FCC crackdown on Cellular/GPS jammers starts today

Today, the FCC's Enforcement Bureau announced it is clamping down on the marketing, sale, and use of illegal cellphone and GPS jamming devices because they can very easily jam signals used by the public safety and law enforcement sectors.

Cell jammers have become pretty popular items. At CTIA 2010 last year, we saw quite a few companies offering low-power jamming solutions for prisons, board rooms, movie theaters, and really anywhere else that privacy and radio silence is important.

"While people who use jammers may think they are only silencing disruptive
conversations or disabling unwanted GPS capabilities, they could also be preventing a scared teenager from calling 9-1-1, an elderly person from placing an urgent call to a doctor, or a rescue team from homing in on the location of a severely injured person. The price for one person's moment of peace or privacy, could be the safety and well-being of others," said Michele Ellison, Chief of the FCC's Enforcement Bureau.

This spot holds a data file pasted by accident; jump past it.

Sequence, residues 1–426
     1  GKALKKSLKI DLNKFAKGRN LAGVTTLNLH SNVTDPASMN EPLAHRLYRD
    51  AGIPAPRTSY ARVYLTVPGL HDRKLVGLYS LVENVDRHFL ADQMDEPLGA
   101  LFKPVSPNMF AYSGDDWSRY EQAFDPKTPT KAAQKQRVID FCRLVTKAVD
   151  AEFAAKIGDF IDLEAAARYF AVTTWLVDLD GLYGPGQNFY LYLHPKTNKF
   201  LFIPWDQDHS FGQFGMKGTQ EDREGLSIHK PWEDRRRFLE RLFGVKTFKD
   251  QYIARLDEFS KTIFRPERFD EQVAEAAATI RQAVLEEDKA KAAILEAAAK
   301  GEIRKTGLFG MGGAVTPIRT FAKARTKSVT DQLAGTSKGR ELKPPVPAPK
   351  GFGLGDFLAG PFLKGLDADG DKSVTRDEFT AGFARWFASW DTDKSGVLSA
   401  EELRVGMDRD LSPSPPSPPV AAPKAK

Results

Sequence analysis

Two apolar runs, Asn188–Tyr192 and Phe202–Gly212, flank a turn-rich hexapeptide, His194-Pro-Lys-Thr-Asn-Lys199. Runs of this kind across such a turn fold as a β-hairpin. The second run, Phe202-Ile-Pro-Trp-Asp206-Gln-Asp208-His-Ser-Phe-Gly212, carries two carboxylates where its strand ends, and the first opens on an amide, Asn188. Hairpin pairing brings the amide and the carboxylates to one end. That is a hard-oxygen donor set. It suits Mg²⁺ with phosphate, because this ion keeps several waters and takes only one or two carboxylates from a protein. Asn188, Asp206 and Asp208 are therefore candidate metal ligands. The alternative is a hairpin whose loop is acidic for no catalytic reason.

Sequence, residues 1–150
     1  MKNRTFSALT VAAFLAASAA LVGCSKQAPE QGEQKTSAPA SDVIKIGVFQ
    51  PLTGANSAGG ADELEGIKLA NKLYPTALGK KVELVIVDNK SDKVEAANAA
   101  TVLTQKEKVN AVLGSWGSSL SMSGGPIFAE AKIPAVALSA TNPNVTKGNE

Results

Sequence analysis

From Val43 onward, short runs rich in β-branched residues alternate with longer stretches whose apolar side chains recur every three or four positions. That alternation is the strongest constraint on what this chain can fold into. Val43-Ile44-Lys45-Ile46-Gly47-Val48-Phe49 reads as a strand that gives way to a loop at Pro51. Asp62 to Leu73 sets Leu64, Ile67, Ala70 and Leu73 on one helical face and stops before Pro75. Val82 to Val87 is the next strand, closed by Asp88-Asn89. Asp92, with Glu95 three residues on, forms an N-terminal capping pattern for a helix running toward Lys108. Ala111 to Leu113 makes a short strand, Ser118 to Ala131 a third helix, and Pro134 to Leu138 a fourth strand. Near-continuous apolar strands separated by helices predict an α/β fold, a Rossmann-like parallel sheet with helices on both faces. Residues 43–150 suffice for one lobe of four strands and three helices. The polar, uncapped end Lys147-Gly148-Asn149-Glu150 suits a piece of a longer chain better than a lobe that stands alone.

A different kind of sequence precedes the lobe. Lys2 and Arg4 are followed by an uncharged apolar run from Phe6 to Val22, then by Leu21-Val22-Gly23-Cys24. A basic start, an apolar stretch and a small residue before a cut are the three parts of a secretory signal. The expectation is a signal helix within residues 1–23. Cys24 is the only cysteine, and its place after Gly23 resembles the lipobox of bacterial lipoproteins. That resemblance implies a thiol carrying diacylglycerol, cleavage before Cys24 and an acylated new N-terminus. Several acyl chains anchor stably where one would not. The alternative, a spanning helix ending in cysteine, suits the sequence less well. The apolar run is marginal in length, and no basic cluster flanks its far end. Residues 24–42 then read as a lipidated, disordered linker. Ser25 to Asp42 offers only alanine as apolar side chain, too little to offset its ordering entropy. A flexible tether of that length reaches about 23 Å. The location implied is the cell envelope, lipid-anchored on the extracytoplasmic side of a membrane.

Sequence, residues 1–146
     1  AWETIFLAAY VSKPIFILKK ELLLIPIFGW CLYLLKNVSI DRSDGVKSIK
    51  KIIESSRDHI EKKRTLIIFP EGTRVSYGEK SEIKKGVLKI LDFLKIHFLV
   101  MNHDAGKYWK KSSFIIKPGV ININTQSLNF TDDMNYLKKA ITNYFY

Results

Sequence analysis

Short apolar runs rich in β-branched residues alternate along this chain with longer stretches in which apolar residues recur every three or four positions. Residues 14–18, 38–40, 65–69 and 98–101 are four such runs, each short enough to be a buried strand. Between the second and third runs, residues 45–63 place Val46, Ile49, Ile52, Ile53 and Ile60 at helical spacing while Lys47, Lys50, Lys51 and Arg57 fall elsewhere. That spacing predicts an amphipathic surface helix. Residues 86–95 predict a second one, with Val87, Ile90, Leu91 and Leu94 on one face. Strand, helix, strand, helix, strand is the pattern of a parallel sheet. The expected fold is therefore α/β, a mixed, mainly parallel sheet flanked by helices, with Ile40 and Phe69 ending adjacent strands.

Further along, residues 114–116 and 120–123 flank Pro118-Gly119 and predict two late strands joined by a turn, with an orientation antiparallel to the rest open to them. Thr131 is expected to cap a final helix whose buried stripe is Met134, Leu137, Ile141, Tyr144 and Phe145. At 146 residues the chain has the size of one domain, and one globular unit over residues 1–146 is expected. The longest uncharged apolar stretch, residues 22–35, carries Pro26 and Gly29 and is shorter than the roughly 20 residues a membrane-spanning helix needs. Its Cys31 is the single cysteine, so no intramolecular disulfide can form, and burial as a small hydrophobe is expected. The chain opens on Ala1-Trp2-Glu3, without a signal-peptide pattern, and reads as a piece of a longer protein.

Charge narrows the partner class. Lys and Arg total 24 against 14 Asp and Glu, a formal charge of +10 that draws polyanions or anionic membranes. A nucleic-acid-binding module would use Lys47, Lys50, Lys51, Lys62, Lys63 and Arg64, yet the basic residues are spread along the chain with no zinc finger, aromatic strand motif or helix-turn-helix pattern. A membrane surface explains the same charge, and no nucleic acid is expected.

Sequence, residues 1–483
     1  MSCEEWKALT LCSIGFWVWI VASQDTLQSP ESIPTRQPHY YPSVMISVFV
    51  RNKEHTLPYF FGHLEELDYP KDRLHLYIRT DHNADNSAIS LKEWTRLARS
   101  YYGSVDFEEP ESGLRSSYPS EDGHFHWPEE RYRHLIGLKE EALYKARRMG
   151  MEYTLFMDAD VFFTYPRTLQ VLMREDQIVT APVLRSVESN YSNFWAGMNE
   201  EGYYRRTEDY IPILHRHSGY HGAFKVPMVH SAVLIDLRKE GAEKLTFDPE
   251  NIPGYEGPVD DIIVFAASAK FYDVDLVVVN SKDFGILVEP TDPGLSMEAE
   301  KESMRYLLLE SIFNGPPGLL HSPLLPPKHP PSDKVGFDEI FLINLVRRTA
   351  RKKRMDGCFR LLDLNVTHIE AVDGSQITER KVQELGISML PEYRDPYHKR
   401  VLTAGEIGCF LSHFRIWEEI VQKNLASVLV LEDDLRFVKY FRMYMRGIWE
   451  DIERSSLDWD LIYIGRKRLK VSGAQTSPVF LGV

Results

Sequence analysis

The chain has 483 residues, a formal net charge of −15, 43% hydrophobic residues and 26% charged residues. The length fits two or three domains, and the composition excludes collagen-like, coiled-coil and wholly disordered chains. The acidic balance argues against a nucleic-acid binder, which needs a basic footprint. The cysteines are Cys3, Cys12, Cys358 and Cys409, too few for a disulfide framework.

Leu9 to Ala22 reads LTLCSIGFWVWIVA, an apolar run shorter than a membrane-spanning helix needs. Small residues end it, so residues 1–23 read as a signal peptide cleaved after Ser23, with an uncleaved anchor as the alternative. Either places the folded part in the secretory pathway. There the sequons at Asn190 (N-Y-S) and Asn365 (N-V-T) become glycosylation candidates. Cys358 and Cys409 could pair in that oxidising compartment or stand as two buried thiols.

In the last two weeks, the bureau has sent warnings to four online retailers, ordering that they stop marketing their products to U.S. customers or face severe fines (up to $16,000 per day the devices are available in the U.S., or $112,500 per device sold.) One of the companies the FCC targeted, TxTStopper, charges $199.95 per jammer. So the fines are very steep in proportion.

Users of the devices, likewise, are being warned that operation of a jammer in the United States is illegal and may subject users to fines, seizure of the equipment, or even imprisonment. The FCC did not outline exactly how high the fines could be for users like it did for retailers.

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